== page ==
On the blog, we’ve talked about firefighting acronyms before such as BLEVE. Well, today, we want to discuss another one that’s known as MABAS. You might have heard this acronym in passing at the fire department, but you have no idea what it means and you’re too scared to ask. What is MABAS?
MABAS stands for the Mutual Aid Box Alarm System, a mutual aid response system for specialized incident operational teams, EMS, and fire departments. Through MABAS, states have access to specialized teams and resources.
In today’s article, we’ll explain what MABAS is in more detail, including how it works and which states have a MABAS system in place. You certainly won’t want to miss it, so keep reading!
Table of Contents
What Is MABAS?
As we touched on in the intro, MABAS is short for Mutual Aid Box Alarm System.
MABAS deploys mutual aid in states throughout the United States that includes special incident operational teams, EMS, and state fire departments.
Although the rules vary by state, the MABAS team would be called into effect, so to speak, if a state governor were to order a Declaration of Disaster.
States with MABAS teams usually sign the assembly of the team into law via memorandum or senate bill.
In many cases, the creation of the MABAS team is to relieve statewide emergency management agencies that are overwhelmed when working in an area stricken by disaster.
What Can MABAS Do?
Now that you have a better understanding of what MABAS is, what exactly can this specially assigned group of professionals do?
The answer is whatever a state needs in an emergency scenario, really. For example, Illinois, which has a very well-established MABAS presence with 69 divisions across the state, has 40 special operations teams in all.
One is an urban search and rescue team (that’s state-sponsored). Illinois MABAS also has technical rescue teams (39 in all) and underwater rescue and recovery teams (15 in all).
Further, Illinois MBAS offers fleet support mechanics, Incident Management Team members, and certified fire investigators ready to work on mobile support teams for assistance with “large-scale incidents requiring complicated and time-consuming efforts beyond the capabilities of most agencies.”
In the case of Illinois, at least, their MABAS members are also readily available to work on other counterpart MABAS agencies, of which the Illinois MABAS website says there are more than 1,100.
The MABAS teams use a radio frequency to communicate. They will also have run cards that determine what the local risk need is ahead of entering an emergency scenario. The run cards are created by the agency themselves.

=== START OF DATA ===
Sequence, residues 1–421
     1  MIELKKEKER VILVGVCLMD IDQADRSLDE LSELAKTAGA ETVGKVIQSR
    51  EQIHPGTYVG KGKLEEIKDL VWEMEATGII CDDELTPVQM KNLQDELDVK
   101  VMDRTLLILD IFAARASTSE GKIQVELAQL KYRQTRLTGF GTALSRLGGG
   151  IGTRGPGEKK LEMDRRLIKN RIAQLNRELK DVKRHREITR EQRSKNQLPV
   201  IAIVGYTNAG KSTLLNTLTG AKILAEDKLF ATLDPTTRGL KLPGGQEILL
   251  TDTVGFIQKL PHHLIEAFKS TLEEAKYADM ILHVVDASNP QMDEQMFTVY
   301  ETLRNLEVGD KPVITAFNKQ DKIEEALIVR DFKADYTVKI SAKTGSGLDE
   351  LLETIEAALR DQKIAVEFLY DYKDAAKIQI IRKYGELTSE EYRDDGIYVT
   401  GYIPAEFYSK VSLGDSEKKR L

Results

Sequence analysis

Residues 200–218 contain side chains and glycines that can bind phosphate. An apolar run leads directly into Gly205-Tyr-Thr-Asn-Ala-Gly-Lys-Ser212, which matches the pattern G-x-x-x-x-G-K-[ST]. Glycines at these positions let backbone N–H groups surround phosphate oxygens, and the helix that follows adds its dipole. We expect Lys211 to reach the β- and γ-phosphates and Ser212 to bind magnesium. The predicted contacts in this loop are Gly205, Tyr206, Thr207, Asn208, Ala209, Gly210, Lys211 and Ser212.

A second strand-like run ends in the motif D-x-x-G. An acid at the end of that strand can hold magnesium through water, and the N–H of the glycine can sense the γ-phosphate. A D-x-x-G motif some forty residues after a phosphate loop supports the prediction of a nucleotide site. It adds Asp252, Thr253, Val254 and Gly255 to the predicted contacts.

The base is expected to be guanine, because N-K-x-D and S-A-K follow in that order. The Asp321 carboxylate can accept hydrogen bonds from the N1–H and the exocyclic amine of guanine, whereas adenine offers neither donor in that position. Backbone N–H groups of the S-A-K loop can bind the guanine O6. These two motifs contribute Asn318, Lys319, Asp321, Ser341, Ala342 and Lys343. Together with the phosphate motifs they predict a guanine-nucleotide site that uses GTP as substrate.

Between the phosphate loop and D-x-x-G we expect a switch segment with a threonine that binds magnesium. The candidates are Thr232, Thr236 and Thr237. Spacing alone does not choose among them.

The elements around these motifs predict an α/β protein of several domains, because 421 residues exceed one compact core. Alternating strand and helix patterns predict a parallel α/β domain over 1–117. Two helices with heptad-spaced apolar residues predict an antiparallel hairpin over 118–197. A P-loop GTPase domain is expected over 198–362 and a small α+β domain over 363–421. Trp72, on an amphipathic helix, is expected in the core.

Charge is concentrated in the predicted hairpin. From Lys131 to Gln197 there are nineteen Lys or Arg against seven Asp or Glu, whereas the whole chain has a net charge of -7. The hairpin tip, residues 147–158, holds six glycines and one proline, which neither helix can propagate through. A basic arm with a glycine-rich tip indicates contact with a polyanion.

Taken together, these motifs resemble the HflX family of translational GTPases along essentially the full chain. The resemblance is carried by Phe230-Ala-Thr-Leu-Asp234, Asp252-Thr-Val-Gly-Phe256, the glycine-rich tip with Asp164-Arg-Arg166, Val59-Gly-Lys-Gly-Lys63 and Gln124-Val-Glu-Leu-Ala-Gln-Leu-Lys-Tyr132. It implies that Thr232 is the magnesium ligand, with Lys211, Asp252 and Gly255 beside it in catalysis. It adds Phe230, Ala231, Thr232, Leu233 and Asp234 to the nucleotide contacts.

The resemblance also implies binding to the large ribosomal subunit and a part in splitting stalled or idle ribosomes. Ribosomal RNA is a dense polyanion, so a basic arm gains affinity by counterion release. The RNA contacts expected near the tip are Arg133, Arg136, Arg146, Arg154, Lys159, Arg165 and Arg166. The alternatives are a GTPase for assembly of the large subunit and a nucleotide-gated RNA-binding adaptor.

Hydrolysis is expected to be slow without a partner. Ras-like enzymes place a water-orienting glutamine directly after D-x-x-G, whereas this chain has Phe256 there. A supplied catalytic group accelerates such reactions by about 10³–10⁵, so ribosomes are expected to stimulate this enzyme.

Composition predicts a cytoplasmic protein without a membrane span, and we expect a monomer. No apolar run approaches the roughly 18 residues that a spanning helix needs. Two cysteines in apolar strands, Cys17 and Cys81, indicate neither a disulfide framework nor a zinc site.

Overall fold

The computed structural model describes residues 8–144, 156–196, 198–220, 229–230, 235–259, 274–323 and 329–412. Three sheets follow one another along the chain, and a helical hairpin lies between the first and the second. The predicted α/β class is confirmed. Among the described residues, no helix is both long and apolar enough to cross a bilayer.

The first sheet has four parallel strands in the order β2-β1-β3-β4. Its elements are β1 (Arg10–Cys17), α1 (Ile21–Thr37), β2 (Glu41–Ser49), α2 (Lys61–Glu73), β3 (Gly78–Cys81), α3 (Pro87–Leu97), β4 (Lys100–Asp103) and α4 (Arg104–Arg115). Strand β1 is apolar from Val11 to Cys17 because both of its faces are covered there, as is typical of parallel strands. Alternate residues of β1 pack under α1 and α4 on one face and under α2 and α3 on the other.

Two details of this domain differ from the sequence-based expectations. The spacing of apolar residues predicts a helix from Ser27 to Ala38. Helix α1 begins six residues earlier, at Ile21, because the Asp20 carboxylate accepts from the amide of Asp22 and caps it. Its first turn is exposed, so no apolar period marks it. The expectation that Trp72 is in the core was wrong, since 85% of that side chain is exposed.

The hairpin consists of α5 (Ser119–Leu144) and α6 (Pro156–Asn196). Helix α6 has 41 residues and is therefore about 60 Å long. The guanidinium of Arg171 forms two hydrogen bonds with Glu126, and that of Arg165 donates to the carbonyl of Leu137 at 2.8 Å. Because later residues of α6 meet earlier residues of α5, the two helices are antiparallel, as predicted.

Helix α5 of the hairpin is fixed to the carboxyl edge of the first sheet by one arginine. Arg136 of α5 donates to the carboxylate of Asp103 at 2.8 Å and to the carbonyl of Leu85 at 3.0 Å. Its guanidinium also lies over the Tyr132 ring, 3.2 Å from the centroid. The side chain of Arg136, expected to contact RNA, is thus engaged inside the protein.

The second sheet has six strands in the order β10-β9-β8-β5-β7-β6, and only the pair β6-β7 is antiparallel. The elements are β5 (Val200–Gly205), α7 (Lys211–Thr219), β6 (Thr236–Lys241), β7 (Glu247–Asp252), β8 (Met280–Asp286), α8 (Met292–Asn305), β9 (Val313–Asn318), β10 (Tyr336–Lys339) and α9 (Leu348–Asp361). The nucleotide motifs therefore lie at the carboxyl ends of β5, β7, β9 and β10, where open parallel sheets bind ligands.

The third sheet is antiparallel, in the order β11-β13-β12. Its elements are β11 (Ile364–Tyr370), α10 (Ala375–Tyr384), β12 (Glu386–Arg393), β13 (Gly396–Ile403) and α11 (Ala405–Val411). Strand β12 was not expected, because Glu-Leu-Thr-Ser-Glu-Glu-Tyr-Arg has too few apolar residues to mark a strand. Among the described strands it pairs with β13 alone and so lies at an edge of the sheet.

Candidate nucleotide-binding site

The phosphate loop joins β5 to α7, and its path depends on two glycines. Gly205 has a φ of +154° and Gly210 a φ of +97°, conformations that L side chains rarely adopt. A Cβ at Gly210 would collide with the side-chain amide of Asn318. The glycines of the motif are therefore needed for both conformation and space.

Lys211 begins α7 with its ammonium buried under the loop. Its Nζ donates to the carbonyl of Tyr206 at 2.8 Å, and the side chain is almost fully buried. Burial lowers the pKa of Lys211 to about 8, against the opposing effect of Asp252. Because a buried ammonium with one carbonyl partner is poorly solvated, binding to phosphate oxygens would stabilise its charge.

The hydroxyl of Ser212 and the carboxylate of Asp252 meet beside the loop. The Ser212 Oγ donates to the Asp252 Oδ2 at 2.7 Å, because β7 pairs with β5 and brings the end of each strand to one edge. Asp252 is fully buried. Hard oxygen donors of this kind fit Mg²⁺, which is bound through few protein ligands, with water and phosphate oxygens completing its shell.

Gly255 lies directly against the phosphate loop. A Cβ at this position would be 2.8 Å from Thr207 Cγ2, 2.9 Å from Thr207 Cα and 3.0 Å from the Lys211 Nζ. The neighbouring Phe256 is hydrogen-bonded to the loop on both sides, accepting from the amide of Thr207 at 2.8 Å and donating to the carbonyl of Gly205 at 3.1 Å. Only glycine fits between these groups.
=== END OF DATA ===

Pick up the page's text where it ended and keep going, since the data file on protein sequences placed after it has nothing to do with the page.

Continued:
Some of the situations that Illinois’ MABAS team have responded to include Hurricanes Ike, Gustav, and Katrina (yes, even though all were in Louisiana) as well as the Harrisburg, Utica, and Roanoke tornados.
The team also assisted during the Tamara train derailment and the LaSalle Bank Building fire in Chicago.
How Does MABAS Benefit the Community?
When disaster strikes, the last thing any community wants to have to worry about is how it will find and mobilize the resources to begin cleanup efforts, rescue attempts, putting out fires, and other disaster relief.
If you’re interested in learning how to benefit your community, you should read our article on how to become a firefighter with no experience.
MABAS provides those resources. The volunteers who are part of MABAS are ready to jump in at any time and offer valuable services in a time of emergency and great need.
There is almost no shortage of the services that MABAS can provide and the challenges they will respond to. Those include domestic terrorism, natural disasters, and other threats to the wellbeing and safety of the average civilian.
Which States Have MABAS?
Despite how highly valued the addition of a MABAS team is, you’d be surprised to learn that they’re not mobilized across the country.
As of this writing, only Ohio, Iowa, Minnesota, Michigan, Missouri, Indiana, Wisconsin, and Illinois have active MABAS teams.
Can I Join MABAS?
Are you interested in saving lives and making a difference in communities both in your neighborhood and across the country? Then you might wish to offer your services as part of a MABAS team.
You can contact the MABAS division nearest you via phone or email and ask about joining. Most MABAS teams are always looking for new members, so your interest in joining will certainly be appreciated.
What if you want to start a new MABAS division in your state? According to the Illinois MABAS page, you need a governing body to agree to an ordinance or resolution that officially establishes a MABAS agency or division near you.
MABAS or the Mutual Aid Box Alarm System is a volunteer team of incident operational professionals, EMS, and fire departments who step in during governmentally-declared natural disasters to offer aid, search and rescue, and other valuable, often life-saving services.
While MABAS operates on a volunteer basis and thus it would never be asked of you to do so, if you want to make an even greater difference as a firefighter, you might consider joining MABAS.